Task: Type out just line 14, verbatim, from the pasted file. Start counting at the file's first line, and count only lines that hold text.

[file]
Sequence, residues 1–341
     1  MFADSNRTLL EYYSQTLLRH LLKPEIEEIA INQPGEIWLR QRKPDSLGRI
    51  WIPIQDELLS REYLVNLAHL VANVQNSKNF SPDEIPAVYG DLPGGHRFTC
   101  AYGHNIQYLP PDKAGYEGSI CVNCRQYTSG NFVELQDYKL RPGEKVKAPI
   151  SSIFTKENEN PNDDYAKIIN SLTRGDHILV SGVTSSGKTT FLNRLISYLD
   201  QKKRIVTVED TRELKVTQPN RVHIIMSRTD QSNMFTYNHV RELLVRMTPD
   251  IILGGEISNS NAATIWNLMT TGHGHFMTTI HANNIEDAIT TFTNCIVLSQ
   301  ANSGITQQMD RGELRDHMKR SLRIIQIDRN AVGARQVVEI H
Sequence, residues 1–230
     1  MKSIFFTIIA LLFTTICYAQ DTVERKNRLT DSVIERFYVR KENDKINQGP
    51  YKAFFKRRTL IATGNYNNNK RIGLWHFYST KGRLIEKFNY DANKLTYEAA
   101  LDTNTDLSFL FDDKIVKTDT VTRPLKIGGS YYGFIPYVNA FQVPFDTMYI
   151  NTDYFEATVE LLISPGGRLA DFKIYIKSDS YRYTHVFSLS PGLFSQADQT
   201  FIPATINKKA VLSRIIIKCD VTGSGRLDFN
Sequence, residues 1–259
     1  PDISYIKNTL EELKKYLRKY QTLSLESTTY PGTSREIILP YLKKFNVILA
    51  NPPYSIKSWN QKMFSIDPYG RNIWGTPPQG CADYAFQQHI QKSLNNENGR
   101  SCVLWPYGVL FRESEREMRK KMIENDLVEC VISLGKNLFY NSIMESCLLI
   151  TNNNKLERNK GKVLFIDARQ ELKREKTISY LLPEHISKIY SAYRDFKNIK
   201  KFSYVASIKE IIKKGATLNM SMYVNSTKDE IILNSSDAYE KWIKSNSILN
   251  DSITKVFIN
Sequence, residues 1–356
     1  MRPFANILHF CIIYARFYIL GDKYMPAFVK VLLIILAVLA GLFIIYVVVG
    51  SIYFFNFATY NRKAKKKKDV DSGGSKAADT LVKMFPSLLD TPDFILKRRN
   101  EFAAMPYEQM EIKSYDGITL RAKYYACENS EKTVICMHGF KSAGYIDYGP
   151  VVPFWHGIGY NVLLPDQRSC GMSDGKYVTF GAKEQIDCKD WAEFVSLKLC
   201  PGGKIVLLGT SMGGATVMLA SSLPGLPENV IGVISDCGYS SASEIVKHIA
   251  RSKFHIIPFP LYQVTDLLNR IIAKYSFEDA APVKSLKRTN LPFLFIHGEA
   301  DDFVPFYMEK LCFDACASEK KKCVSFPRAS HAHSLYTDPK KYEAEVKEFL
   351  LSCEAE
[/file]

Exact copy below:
   201  FIPATINKKA VLSRIIIKCD VTGSGRLDFN